Week 6: Is bravery naive or wise?

My maternity clothes are artifacts from a different self. Taking them out today made me remember in a way I haven’t for a long time who I was before the birth. My first pregnancy was delightful and I enjoyed every minute of it; I showed off my belly and my feminine body and I was afraid of nothing. The education I had received from my amazing family and upbringing had created a strong and self-assured woman – intelligent, eccentric, full of the glory of self-realization.

None of this was false and I’m not poking fun at my old self or at anyone who may be in that stage of life. It’s gorgeous to think you know what it is to move through the world as just yourself, to be an amazing woman that others admire, to throw yourself fully into everything you do and believe that nothing can stop you except the limits of your own ability.

She’s still here somewhere, and outsiders often can’t even tell she’s changed. “You live so fully,” they say. “You seem to have made a perfect recovery,” say the ones that know me a little better.  I am creating for myself the good life that I’ve always wanted; I’m vibrant and loud and eccentric; and I’m still among the strongest and bravest folk I know, physically and mentally.

But the woman who wore those bright summery maternity clothes did not realize the limitations placed on her by a society that doesn’t always see women as humans. She didn’t realize that not only could she be brutalized at any time, but that this brutality is an integral part of her culture. She did not know that simply because she is a woman, being held down and physically violated is something she could expect to happen at some point in her life.

The thing is – I still believe I can somehow protect myself. I don’t know if this is naive or wise. I do believe that I will find a provider to be the guardian of my choices and my agency no matter what happens. I believe I can hire a doula to be the gatekeeper of my home or the bodyguard of my body in a hospital. I believe talking to an attorney and fully understanding how the law does and does not protect me will help.

I can’t decide if this is contradictory to the sweeping exuberance of the woman who wore those maternity clothes. She planned her birth, she understood the dangers of nature and of man, she had some idea of how to fight. And she, she’s the one who opened fully to the monkey-mind and the raw adventure of pain, she’s the one who embraced the change of plans, she’s the one who welcomed the endorphins in to change her consciousness into something she did not previously know, for all her high school experimentation with psychedelics. She’s the one that proudly walked into the hospital building as if she was worth more than the entire city. She’s the one I want to know again before I do this second labor, she’s the one I am trying to protect with all these guardians.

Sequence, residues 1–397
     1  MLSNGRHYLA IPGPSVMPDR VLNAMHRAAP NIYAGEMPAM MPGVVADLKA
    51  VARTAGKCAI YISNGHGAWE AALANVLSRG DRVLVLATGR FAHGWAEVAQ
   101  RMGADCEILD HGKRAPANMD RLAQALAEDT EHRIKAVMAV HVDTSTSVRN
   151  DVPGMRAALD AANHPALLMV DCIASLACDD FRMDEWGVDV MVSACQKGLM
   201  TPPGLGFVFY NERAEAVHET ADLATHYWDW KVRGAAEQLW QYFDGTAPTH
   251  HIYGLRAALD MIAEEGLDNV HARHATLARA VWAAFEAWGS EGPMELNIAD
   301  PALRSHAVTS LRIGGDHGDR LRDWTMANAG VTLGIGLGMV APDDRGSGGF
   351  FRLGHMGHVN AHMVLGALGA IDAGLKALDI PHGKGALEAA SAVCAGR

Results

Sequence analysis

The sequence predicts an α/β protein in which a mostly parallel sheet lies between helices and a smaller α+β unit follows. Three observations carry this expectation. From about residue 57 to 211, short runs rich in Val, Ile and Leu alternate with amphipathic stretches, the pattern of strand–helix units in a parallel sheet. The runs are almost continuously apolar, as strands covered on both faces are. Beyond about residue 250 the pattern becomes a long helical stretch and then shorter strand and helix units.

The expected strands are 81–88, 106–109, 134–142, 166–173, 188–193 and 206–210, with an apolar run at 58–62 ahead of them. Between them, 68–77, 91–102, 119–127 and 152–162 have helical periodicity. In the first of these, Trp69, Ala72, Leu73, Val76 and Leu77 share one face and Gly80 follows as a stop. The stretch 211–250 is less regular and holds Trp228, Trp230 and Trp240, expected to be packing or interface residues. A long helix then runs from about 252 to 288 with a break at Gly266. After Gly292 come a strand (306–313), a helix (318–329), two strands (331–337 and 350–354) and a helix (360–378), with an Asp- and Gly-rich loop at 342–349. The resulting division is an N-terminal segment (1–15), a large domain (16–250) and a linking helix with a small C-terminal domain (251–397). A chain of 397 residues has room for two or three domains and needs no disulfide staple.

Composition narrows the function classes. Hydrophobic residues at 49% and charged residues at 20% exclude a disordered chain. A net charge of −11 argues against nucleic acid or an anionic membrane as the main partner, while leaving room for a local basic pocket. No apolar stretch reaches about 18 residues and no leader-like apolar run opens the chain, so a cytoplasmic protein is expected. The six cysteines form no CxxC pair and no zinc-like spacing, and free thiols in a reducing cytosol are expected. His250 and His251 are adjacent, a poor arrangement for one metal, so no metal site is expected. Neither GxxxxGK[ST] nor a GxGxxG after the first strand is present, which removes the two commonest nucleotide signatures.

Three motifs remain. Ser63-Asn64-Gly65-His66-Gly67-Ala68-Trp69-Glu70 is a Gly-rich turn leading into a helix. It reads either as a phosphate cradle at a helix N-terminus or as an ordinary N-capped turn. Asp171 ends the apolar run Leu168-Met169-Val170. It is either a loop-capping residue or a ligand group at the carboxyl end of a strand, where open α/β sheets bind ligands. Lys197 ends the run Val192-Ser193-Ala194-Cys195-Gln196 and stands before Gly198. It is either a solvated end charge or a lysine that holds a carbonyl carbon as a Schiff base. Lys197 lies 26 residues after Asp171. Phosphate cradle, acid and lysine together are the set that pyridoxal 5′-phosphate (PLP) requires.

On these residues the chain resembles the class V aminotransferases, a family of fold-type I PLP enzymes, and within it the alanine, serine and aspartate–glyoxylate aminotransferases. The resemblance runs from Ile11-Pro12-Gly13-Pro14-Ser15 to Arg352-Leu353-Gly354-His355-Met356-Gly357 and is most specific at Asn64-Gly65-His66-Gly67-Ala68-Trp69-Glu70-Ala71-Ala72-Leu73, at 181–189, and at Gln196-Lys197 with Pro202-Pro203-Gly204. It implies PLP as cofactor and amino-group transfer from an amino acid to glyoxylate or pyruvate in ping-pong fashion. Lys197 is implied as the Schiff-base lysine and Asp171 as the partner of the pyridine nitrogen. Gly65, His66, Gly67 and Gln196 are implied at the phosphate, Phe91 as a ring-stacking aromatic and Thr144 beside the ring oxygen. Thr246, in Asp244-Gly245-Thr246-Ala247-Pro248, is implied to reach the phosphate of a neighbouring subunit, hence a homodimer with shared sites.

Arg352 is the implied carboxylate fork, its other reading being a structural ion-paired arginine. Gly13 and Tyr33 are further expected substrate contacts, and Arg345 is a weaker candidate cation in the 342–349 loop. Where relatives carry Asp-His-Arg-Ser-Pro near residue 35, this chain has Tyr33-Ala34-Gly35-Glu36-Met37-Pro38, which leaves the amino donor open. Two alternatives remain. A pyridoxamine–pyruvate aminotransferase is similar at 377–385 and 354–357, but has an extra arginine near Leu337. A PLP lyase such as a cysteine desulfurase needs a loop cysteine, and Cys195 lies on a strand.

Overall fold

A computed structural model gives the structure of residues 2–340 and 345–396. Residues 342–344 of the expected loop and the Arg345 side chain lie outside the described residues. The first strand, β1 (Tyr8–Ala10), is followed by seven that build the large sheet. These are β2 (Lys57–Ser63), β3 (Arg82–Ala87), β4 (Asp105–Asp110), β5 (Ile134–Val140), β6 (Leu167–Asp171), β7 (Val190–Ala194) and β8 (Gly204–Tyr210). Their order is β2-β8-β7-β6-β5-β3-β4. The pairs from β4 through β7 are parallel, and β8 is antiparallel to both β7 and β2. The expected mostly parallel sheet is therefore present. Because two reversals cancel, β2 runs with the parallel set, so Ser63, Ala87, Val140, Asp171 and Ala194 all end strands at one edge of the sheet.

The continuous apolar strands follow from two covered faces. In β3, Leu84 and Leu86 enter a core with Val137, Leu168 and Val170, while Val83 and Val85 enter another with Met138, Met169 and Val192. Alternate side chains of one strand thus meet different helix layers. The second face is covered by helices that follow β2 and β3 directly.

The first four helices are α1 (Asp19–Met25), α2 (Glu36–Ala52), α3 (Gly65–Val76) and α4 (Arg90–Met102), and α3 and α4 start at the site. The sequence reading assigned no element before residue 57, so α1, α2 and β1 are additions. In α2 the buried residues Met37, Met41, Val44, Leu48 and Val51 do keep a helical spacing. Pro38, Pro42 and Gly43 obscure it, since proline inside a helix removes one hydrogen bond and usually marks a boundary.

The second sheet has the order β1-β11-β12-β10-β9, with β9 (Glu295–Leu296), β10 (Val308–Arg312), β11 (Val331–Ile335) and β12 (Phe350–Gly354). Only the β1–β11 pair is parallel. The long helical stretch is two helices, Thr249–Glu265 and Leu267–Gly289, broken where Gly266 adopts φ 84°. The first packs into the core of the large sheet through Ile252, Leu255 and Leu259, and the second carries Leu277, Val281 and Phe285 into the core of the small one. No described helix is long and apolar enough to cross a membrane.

When I put on her clothes in a few weeks, I hope to begin to channel something of her innocence and toughness and confidence. I’ll never be her again, but she was the one who believed you could be a different kind of goddess every day of your life. And I still believe her.

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About investigatingbirth

My investigations of birth began in 2009 when I was trained as a doula. I helped women consider the evidence on common interventions, and helped them prepare for the physical and emotional challenge of giving birth. After some time it became clear to me that there was another type of challenge that I was unable to adequately prepare them for, the challenge of the maternity system. But it was only after my own traumatic birth in 2013 that I realized how little I had understood. I began to ask questions that few around me - doulas, nurses, midwives, doctors - were comfortable hearing. Questions like: Under what circumstances, and for what reasons, do doctors not practice informed consent? How do hospitals deal with other patient populations vulnerable to abuse? How does loss of professional autonomy, for obstetricians, and professional authority, for midwives, impact the quality of care they are capable of providing - regardless of their training? This blog will collect noteworthy information that attempts to answer these and other questions. Most of what you see here will be aggregated from other sources and analyzed. You will also see original interviews, and the occasional opinion piece or personal story, as I try to piece together a clear picture of the system in which American women give birth.
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One Response to Week 6: Is bravery naive or wise?

  1. Sending love your way. And congratulations?

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